The decision was appealed and later repealed by the Norwegian Tax Appeal Board.
The Norwegian participation exemption method
As a starting point, dividends paid to foreign shareholders are subject to withholding tax at 25%. However, the dividends are exempt from withholding tax under the Norwegian participation exemption method if certain requirements are met.
In order for the dividends to be exempt from withholding tax, the fund must:
Be comparable to a Norwegian entity entitled to the Norwegian participation exemption;
Be tax resident in a European Economic Area (EEA) country; and
Be regarded as genuinely established and conducting real economic activity (the substance test).
There must also be an agreement enabling the request of information between the state of residency and Norway.
Assessments by the Tax Appeal Board
The Norwegian Ministry of Finance has previously stated that Irish CCFs should be treated as tax transparent for Norwegian tax purposes (UTV-2007-1858). The tax office felt bound by this statement. Consequently, the CCF was not regarded as comparable to a Norwegian entity covered by the participation exemption method.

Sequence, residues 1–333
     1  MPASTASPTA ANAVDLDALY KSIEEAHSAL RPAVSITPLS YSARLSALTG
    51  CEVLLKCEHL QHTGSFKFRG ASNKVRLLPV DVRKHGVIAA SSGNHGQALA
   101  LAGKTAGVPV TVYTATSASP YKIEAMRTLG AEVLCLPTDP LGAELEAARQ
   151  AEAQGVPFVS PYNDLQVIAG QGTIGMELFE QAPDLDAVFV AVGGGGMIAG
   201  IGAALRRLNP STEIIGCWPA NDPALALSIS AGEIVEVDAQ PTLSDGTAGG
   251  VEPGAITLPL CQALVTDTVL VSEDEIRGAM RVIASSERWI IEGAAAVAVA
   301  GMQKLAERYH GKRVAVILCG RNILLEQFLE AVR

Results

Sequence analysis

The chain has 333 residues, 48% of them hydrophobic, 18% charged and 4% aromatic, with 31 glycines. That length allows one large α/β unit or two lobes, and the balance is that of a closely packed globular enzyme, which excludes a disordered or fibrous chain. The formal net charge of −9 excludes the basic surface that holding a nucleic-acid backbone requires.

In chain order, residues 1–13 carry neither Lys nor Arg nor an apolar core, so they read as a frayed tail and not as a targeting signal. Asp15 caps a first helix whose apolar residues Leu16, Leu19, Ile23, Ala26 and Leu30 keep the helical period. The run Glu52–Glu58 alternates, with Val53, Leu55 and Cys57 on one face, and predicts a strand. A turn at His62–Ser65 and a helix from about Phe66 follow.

The Tax Appeal Board, however, considered Statoil Holding and more recent practice. As a starting point, the classification of whether the fund is regarded as a separate taxpayer (meeting the comparable test) or tax transparent is carried out in accordance with Norwegian law. Key factors in the assessment are the liability structure, decision-making authority, and the investors’ rights and obligations in the fund. Against this background, the Tax Appeal Board carried out a detailed analysis of how the CCF was structured.
It was found that investors in Norwegian mutual funds (covered by the Norwegian participation exemption method) and Irish CCFs have limited liability for the fund’s obligations (limited to the invested amount), an argument that was considered decisive in the Statoil Holding judgment. Accordingly, the Tax Appeal Board concluded that the Irish CCF was comparable to a Norwegian entity covered by the participation exemption method.